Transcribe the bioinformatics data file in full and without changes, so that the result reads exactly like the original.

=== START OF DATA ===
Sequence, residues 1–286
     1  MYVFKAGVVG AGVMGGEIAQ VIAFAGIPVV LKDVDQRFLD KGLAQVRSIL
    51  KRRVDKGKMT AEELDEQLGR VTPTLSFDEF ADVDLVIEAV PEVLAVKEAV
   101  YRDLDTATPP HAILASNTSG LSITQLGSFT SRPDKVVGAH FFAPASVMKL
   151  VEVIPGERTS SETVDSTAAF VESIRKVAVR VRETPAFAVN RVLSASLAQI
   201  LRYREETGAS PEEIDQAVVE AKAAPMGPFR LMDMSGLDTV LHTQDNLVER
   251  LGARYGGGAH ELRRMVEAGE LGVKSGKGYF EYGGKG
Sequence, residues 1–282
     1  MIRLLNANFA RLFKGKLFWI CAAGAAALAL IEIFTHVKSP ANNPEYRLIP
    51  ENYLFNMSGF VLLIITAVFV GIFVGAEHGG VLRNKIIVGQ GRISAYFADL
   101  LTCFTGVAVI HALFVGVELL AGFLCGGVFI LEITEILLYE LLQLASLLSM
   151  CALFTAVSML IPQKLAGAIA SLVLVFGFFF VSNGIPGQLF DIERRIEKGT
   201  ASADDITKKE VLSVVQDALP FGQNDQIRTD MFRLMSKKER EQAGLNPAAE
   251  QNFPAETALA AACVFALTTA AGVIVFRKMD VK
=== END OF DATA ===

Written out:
Sequence, residues 1–286
     1  MYVFKAGVVG AGVMGGEIAQ VIAFAGIPVV LKDVDQRFLD KGLAQVRSIL
    51  KRRVDKGKMT AEELDEQLGR VTPTLSFDEF ADVDLVIEAV PEVLAVKEAV
   101  YRDLDTATPP HAILASNTSG LSITQLGSFT SRPDKVVGAH FFAPASVMKL
   151  VEVIPGERTS SETVDSTAAF VESIRKVAVR VRETPAFAVN RVLSASLAQI
   201  LRYREETGAS PEEIDQAVVE AKAAPMGPFR LMDMSGLDTV LHTQDNLVER
   251  LGARYGGGAH ELRRMVEAGE LGVKSGKGYF EYGGKG
Sequence, residues 1–282
     1  MIRLLNANFA RLFKGKLFWI CAAGAAALAL IEIFTHVKSP ANNPEYRLIP
    51  ENYLFNMSGF VLLIITAVFV GIFVGAEHGG VLRNKIIVGQ GRISAYFADL
   101  LTCFTGVAVI HALFVGVELL AGFLCGGVFI LEITEILLYE LLQLASLLSM
   151  CALFTAVSML IPQKLAGAIA SLVLVFGFFF VSNGIPGQLF DIERRIEKGT
   201  ASADDITKKE VLSVVQDALP FGQNDQIRTD MFRLMSKKER EQAGLNPAAE
   251  QNFPAETALA AACVFALTTA AGVIVFRKMD VK